The IASI team have recently given talks at international conferences in Cape Town and Stellenbosch. DIVERSITAS OSC2 was held 13-16 October and EMAPI10 23-27 August.
At Diversitas on 15 October Melodie McGeoch spoke about the pressure indicator (number of documented invasive alien species (IAS) per country) and the two response indicators (trends in adoption of IAS-relevant international agreements and trends in national legislation relevant to the prevention and control of IAS). She showed that the response to pressure from IAS has increased through time and that the policy responses to IAS have been greatest for countries with the most pressure from IAS but it seems the response to IAS has not yet reduced the IAS problem.
At EMAPI on 25 August Dian Spear outlined the major challenges to compiling lists of IAS: inconsistent definitions, data availability and the need for the application of a standardised approach to designating species as invasive. She highlighted that it is important to know the extent of data available on IAS in different countries to more accurately interpret numbers of IAS per country and that to enable monitoring of the status and trends in IAS a standardised approach using both documented and expert information is fundamental.
See the talk abstracts below:
DIVERSITAS Open Science Conference 2. Biodiversity and Society. Understanding connections, adapting to change. 13-16 October. Cape Town, South Africa.
McGeoch, M.A1,2 and Spear, D.1
1Centre for Invasion Biology, Department of Botany and Zoology, Natural Sciences Building, Private Bag X1, Stellenbosch University, 7602, Stellenbosch, South Africa
2Cape Research Centre, South African National Parks, P.O. Box 216, Steenberg 7947, South Africa
Invasive alien species (IAS) are a major threat to biodiversity and as a result trends in IAS was selected as one of 22 Headline Indicators to measure progress towards the Convention on Biological Diversity’s (CBD) target of reducing the rate of loss of biodiversity by 2010. The CBD calls on Parties to prevent the introduction of, control or eradicate those alien species which threaten ecosystems, habitats, or species (Article 8(h)). Goal 6 of the CBD framework is to control threats from invasive species, and one of the targets under this goal is management plans in place for major alien species that threaten ecosystems, habitats or species. An indicator for measuring management responses to the IAS problem would thus be the number of operational management plans per country. However, limited data are available. Few data are available for parameters such as the number of IAS listed in national legislation and controlled by chemical, mechanical or biological control. An alternative indication of management responses in the short-term is whether the control of IAS is incorporated in national legislation. Less than 40% of countries populated to date include the control of IAS in their legislation and most of this IAS legislation has been enacted since the initiation of the CBD. The relationship between IAS-relevant legislation and management response and efficacy is uncertain, but legislation is nonetheless an essential element of national responses to existing and potential invaders.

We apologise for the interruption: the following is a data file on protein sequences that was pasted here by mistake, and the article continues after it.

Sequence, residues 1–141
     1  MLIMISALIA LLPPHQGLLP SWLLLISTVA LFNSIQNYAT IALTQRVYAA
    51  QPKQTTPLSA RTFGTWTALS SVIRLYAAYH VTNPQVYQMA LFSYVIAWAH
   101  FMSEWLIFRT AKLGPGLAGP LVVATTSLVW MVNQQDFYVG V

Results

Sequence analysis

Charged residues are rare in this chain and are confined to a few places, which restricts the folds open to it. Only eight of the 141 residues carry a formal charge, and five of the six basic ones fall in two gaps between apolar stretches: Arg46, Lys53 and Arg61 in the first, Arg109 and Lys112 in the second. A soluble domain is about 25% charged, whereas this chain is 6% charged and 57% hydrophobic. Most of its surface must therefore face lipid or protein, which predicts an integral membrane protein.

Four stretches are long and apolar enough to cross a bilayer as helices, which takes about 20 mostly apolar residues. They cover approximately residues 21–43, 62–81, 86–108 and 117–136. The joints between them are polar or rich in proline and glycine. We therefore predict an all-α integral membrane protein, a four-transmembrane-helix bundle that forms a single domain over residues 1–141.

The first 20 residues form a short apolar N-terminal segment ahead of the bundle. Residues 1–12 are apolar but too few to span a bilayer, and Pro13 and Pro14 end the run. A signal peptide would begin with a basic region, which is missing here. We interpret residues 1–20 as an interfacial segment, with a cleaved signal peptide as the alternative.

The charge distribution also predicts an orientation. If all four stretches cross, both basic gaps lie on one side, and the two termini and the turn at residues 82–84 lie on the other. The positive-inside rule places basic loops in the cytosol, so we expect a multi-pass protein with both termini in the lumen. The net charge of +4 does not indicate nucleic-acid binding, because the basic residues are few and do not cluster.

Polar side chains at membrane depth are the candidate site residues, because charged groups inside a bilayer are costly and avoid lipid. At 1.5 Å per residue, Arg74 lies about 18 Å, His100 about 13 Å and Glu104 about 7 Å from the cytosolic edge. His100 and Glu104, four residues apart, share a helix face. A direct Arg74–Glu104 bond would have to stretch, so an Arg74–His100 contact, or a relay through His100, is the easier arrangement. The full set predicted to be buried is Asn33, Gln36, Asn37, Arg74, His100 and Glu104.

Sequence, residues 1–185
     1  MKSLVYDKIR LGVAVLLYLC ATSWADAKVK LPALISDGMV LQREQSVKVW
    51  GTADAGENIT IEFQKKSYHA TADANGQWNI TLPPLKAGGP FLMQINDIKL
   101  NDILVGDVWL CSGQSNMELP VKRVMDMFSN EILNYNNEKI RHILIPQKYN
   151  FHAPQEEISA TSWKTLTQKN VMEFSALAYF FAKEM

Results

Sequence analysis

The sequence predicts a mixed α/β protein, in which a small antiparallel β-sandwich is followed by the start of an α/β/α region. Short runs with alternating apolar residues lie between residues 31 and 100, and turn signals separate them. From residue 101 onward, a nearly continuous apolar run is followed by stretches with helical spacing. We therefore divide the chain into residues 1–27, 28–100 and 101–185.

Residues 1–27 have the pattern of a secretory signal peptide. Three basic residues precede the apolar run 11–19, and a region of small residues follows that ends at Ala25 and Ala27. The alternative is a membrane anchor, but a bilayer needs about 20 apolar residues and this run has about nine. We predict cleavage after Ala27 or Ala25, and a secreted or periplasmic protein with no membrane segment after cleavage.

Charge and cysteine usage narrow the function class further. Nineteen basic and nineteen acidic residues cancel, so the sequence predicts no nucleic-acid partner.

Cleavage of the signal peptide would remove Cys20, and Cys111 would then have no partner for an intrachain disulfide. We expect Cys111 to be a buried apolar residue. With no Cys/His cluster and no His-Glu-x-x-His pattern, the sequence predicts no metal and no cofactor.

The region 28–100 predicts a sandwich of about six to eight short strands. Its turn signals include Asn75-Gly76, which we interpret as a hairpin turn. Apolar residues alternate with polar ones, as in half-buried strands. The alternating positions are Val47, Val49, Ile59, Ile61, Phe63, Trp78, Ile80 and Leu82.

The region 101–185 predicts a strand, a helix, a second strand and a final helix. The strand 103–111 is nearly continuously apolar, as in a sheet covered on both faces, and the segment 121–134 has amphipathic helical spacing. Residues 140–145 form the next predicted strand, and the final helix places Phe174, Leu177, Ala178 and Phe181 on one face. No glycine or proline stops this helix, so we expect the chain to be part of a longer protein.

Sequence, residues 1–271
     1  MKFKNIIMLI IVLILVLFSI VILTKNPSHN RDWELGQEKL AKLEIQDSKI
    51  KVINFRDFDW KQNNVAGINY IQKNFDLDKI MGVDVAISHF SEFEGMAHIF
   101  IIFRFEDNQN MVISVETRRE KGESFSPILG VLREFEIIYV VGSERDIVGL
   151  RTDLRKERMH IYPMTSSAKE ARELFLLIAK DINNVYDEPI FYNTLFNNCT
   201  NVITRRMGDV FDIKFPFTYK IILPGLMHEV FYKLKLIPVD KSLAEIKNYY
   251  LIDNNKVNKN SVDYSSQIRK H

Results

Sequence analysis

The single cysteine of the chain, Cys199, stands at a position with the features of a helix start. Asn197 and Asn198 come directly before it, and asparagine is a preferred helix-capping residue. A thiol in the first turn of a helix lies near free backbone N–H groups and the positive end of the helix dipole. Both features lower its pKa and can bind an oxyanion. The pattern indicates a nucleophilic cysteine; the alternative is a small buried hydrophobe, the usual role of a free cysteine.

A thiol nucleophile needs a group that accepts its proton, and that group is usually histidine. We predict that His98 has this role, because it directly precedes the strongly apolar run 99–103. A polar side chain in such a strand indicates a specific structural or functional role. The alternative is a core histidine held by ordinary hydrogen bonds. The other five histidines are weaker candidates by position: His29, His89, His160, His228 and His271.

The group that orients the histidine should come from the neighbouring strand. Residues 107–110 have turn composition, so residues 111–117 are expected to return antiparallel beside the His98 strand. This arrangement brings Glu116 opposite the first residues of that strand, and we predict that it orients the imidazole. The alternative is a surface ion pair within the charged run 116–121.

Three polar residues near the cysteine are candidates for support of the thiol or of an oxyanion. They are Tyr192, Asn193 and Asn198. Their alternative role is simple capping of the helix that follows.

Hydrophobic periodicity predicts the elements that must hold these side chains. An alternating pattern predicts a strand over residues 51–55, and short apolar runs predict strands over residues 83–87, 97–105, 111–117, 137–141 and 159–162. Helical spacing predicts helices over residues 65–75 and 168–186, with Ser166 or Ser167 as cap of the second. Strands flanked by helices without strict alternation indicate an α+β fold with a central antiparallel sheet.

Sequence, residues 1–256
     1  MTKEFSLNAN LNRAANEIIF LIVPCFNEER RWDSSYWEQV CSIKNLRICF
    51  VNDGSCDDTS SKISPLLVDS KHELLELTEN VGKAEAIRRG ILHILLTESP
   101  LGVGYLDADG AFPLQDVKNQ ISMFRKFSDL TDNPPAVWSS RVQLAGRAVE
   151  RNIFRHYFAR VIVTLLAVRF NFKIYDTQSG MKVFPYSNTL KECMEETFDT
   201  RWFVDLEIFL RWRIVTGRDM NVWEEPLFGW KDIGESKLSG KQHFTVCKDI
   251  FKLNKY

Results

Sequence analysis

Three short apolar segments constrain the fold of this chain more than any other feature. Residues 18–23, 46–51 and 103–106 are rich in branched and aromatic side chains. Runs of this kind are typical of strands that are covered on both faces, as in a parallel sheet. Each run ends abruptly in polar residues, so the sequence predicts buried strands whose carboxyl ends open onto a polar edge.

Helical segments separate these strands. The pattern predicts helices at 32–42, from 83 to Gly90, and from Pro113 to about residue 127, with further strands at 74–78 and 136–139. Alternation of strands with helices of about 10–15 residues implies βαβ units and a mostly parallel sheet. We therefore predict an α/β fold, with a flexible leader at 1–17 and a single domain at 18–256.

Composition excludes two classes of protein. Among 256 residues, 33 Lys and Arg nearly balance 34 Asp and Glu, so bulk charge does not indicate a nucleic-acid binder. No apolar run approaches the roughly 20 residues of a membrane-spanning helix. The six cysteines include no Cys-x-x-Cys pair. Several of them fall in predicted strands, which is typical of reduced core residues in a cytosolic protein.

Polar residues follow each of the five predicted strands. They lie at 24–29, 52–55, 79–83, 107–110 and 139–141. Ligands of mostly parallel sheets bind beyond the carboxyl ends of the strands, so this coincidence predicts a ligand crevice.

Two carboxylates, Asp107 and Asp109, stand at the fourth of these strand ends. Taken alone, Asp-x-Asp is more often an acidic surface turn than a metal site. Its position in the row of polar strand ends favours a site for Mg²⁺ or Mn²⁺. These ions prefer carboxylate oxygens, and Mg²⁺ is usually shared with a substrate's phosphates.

10th International Conference on the Ecology and Management of Alien Plant Invasions. Effective intervention through enhanced collaboration. 23-27 August 2009. Stellenbosch, South Africa.
Spear, D.1, Marais, E.1,2 and McGeoch, M.A.1,3
1Centre for Invasion Biology, Natural Sciences Building, Private Bag X1, Stellenbosch University, Matieland 7602, South Africa; email@example.com
2Working for Water Programme, Private Bag X4390, Cape Town 8000, South Africa; MaraisE2@dwaf.gov.za
3Cape Research Centre, South African National Parks, P.O. Box 216, Steenberg 7947, South Africa; MelodieM@sanparks.org
Invasive alien species (IAS) are a major threat to biodiversity and as a result trends in IAS was selected as one of 22 Headline Indicators to measure progress towards the Convention on Biological Diversity’s (CBD) target of reducing the rate of loss of biodiversity by 2010. Two indicators number of IAS and number of operational management plans have been proposed to measure progress towards goal 6 of the CBD framework, to control threats from IAS. These indicators have been populated for a stratified-random selection of countries. We assess the comprehensiveness of global IAS databases. We also determine the usefulness of the approach adopted to date for populating the invasion status indicator. The major challenges facing the population of the indicators are data availability and quality and the lack of transparency in the criteria used to designate species as invasive. The approach used to date to populate the invasion status indicator, although most practical based on time and resource constraints, provides a different list of species than lists of species suggested by invasive alien plant species experts. This suggests that to provide a comprehensive assessment of the global status of IAS, expert input is required for countries globally.